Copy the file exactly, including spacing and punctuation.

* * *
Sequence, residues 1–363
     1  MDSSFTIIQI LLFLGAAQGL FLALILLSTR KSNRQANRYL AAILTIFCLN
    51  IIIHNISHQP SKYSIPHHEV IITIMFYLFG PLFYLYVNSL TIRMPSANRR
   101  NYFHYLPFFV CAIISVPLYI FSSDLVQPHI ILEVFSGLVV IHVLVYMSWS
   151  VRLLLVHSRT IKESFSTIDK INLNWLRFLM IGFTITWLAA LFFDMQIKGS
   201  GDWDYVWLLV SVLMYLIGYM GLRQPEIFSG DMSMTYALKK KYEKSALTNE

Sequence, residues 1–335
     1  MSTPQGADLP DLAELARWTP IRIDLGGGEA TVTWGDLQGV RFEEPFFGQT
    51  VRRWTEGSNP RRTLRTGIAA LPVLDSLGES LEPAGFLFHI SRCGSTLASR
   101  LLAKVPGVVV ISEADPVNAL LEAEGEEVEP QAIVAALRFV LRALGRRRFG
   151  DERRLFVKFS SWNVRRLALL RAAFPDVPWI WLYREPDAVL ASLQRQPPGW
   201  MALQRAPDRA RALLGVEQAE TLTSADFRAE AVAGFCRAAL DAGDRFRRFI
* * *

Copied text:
Sequence, residues 1–363
     1  MDSSFTIIQI LLFLGAAQGL FLALILLSTR KSNRQANRYL AAILTIFCLN
    51  IIIHNISHQP SKYSIPHHEV IITIMFYLFG PLFYLYVNSL TIRMPSANRR
   101  NYFHYLPFFV CAIISVPLYI FSSDLVQPHI ILEVFSGLVV IHVLVYMSWS
   151  VRLLLVHSRT IKESFSTIDK INLNWLRFLM IGFTITWLAA LFFDMQIKGS
   201  GDWDYVWLLV SVLMYLIGYM GLRQPEIFSG DMSMTYALKK KYEKSALTNE

Sequence, residues 1–335
     1  MSTPQGADLP DLAELARWTP IRIDLGGGEA TVTWGDLQGV RFEEPFFGQT
    51  VRRWTEGSNP RRTLRTGIAA LPVLDSLGES LEPAGFLFHI SRCGSTLASR
   101  LLAKVPGVVV ISEADPVNAL LEAEGEEVEP QAIVAALRFV LRALGRRRFG
   151  DERRLFVKFS SWNVRRLALL RAAFPDVPWI WLYREPDAVL ASLQRQPPGW
   201  MALQRAPDRA RALLGVEQAE TLTSADFRAE AVAGFCRAAL DAGDRFRRFI